Chocolate Blueberry Delight
I love chocolate! I mean, who doesn't? However, if you look at the ingredients of most chocolates, sugar is almost always the first ingredient. You will also see ingredients like partially hydrogenated palm oil (i.e. trans fat), whey (contains lactose), soy lecithin, refined palm kernel oil (processed fat), artificial flavoring, corn syrup (refined) and sometimes much more.
However, there is also a lot to say for the beneficial side of chocolate. Unfortunately, many people mistakenly eat the highly-processed, nutrient-poor chocolate instead of the power-packed chocolate discussed below.
So, instead of receiving the natural mood-enhancing and nutritional benefits of real chocolate, they end up with a sugar -laden counterfeit that probably does more bad than good.
So what benefits does chocolate have to offer us?
Magnesium: Raw cacao and dark chocolate (60-90%) is a rich source of magnesium. It balances brain chemistry, builds strong bones, supports a healthy heart, and combats depression, which partially explains why chocolate is considered a mood enhancer. Magnesium is also fairly deficient in American diets, which is likely due to poor intake in fruits and vegetables.
Antioxidants: Antioxidants pack a powerful punch by dismantling the free radicals that can cause extensive cellular damage. Cacao contains numerous flavonoids (an antioxidant subclass), which are suggested to play a beneficial role in numerous health issues, notably cardiovascular disease.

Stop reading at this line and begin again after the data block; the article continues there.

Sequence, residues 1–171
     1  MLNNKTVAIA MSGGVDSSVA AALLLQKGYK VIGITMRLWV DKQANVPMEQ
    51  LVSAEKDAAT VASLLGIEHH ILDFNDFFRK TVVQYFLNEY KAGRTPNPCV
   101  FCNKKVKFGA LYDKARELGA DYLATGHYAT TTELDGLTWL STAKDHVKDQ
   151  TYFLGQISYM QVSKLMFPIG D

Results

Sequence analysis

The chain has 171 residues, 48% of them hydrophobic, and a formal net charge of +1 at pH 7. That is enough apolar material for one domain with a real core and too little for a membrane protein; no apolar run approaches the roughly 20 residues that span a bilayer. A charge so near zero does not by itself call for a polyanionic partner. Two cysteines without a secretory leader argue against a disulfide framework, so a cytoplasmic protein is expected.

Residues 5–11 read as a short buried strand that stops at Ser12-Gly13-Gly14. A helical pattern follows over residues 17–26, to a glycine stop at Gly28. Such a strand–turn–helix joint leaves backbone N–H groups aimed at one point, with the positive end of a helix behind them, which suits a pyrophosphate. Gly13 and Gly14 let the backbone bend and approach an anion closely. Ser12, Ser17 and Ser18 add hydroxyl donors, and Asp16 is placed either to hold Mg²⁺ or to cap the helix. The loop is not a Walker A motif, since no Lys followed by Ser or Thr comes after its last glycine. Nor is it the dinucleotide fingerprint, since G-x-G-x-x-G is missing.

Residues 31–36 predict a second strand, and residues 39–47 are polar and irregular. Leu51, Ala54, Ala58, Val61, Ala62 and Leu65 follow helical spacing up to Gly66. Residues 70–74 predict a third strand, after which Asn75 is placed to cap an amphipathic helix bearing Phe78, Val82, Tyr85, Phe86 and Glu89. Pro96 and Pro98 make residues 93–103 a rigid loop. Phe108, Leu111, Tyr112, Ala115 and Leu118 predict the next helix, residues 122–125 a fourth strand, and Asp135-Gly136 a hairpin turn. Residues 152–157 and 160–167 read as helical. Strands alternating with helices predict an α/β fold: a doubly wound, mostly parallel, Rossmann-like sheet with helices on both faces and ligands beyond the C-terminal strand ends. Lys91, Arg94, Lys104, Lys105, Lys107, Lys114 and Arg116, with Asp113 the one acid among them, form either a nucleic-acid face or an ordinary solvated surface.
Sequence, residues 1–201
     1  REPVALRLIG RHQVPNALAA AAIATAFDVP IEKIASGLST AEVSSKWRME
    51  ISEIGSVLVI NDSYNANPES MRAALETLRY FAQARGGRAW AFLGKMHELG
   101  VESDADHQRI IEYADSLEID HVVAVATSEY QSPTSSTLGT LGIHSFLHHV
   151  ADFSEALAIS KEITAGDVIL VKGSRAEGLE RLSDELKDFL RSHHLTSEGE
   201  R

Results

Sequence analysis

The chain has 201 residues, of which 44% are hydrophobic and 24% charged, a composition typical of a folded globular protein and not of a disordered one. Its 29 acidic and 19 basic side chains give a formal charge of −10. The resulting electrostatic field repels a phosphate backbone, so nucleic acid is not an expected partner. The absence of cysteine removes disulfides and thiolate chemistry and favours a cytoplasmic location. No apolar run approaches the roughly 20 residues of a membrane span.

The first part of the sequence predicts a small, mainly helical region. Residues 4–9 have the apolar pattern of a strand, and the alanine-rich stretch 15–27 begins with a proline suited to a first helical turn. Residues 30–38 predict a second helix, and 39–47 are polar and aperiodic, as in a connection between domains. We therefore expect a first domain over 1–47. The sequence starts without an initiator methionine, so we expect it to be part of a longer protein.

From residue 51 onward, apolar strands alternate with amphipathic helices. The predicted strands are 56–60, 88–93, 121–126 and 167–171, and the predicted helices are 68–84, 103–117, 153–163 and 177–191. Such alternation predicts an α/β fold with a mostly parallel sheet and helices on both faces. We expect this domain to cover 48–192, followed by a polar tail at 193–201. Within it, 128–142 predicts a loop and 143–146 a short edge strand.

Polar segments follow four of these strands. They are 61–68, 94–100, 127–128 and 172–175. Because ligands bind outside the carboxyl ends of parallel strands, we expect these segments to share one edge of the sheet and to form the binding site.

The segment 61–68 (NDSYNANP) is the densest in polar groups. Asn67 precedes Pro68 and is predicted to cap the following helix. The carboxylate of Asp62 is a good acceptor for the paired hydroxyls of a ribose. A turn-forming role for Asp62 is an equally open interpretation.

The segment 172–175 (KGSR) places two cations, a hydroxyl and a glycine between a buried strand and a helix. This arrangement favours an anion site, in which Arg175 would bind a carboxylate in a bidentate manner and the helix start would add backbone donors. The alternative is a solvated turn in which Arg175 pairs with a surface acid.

Tryptophan: Tryptophan is an amino acid that enhances relaxation and promotes better sleep and is also a precursor to serotonin, a known mood-enhancing neurotransmitter. Studies have shown chocolate samples to contain significant amounts of serotonin and l-tryptophan, depending on the cocoa content (70-85%). It is no secret that chocolate has strong sensory characteristics.
Other Nutrients: Iron, chromium, theobromine, manganese, zinc, copper, vitamin C, Omega-6 fatty acids, phosphorus, calcium, and selenium, though this may depend on the geographical origin of the cacao.
Chocolate consumption also has beneficial effects on insulin resistance, type 2 diabetes, and aspects of cardiovascular health including blood pressure, cholesterol, and arterial stiffness.
I think you're beginning to see the picture.
Which Type of Chocolate Should You Purchase?
There are vast nutritional and taste differences between your everyday processed chocolate (to include cocoa and chocolate) and raw cacao. Basically, the more processed the chocolate, the less nutritional value it has.
So which should you use? Well, if you want the biggest bang for your nutritional buck, go for the raw cacao nibs or the raw cacao powder.
If you decide to give the nibs a try, you can just throw them into your blender along with the other ingredients if you have a HIGH-SPEED BLENDER. If you don't, grind them in a coffee grinder first, then add them to the blender (or whatever recipe you're making).
If you decide to go for the raw cacao, then look for a natural cocoa powder that has not been treated with alkaline as the Dutch processed cocoa has been. You can easily find these at health food stores such as Sprouts, Natural Grocers, and Whole Foods or Amazon and Azure Standard.
So go enjoy yourself some chocolate, my friend. Just make sure you reap the healthy benefits while you do!
Chocolate Blueberry Delight
Inspired by Joel Fuhrman's Eat To Live
5 ounces baby spinach
2 cups frozen blueberries
1/2 cup unsweetened soy, hemp, almond milk, etc.
2-4 dates pitted
2 tablespoons natural cocoa powder
1 tablespoon ground flaxseeds